[UPDATE: I’ve actually modified the related post since I wrote this one. I’m leaving this post here, though, because I still think it’s got an interesting thought in it]
In my recent post on God’s providence I discussed a view which I called “middle knowledge”. To some this might have been confusing, for this position is also sometimes called “Molinism”, after the Jesuit theologian Luis de Molina. Molina is responsible for introducing the doctrine of middle knowledge to reconcile libertarian free will with a strong view of divine providence, and as such the term Molinism is often used to designate the position I was talking about. Admittedly, that probably would have been a better label to use, although I tend to use the term “middle knowledge” to avoid confusion between Molinism as philosophical framework for providence and Molinism as a collection of doctrines about soteriology. This has happened in the past where people use the word “Calvinism” where they actually should use the word “compatibilism.”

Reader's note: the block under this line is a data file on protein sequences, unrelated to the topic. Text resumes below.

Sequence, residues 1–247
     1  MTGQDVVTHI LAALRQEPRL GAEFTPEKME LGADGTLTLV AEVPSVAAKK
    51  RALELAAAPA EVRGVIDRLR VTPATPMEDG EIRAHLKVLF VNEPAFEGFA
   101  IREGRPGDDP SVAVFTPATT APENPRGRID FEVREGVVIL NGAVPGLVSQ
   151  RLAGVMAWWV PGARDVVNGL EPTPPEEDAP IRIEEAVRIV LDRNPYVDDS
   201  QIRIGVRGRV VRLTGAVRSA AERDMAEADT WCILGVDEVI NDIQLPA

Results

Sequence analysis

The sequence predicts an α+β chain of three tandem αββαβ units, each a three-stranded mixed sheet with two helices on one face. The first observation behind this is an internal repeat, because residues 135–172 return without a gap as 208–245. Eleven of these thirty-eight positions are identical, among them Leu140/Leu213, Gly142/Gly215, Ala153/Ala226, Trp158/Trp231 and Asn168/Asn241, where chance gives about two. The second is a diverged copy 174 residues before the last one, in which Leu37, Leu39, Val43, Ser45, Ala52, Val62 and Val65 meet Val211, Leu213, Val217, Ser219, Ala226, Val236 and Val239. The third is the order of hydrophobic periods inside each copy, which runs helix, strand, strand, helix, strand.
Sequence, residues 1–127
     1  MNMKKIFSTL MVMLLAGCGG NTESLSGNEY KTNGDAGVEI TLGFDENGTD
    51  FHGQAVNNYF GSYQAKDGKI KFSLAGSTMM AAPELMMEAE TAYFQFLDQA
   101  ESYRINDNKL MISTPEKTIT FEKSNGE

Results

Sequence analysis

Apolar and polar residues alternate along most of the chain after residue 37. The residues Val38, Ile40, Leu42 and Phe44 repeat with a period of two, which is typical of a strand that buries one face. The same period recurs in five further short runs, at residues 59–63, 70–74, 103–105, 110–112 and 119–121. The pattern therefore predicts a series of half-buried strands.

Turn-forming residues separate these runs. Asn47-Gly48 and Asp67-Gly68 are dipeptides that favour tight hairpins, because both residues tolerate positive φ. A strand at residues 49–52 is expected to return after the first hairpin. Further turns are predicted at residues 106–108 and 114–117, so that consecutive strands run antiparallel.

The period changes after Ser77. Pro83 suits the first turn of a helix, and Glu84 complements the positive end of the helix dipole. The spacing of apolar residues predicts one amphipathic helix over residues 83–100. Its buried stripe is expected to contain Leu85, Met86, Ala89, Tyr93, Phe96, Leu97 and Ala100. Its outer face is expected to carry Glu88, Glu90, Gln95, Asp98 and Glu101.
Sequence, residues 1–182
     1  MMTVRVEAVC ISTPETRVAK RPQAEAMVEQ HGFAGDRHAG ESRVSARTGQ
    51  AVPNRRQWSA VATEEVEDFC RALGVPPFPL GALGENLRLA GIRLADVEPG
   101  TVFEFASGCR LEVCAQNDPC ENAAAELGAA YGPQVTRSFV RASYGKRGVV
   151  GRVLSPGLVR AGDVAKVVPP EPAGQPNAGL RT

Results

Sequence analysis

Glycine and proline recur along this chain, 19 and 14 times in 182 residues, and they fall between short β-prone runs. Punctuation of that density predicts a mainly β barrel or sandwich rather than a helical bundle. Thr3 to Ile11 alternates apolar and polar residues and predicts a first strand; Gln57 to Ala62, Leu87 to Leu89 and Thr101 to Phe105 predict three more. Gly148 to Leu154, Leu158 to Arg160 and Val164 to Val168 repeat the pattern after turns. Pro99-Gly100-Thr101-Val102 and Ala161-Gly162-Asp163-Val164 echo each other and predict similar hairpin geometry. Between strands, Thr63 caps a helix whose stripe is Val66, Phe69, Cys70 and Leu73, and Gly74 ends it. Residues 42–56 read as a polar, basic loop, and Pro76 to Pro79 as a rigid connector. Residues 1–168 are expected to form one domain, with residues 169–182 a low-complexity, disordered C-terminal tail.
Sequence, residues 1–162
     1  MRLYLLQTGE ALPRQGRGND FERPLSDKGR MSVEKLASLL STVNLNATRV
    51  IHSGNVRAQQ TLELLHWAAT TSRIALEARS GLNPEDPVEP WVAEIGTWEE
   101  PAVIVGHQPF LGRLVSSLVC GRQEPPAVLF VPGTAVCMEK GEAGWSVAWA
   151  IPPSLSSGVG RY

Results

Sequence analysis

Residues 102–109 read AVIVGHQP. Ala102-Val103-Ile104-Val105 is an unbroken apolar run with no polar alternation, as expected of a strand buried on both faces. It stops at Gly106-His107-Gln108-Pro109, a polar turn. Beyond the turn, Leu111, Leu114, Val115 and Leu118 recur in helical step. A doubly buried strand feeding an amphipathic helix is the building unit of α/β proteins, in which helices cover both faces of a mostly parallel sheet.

One reason one might prefer the term Molinism, is because it more clearly encompasses the theses of libertarian free will and middle knowledge. While I was thinking about this, it dawned on me that while middle knowledge doesn’t technically include the thesis of libertarian free will, it does entail something very much like it: first, recall that the facts in God’s middle knowledge are contingent. This means that what agents freely do is not causally determined by their circumstances or God, which entails some form of the Principle of Contrary Choice. Second, recall that the facts are not determined by God. What else could determine the truth of these facts? Well, us! So something like libertarian free will plausibly follows from the doctrine of middle knowledge.
Of course this is really all just a matter of semantics. For the remainder of the blog post series, I’ll probably use start using “Molinism” as the term for the view.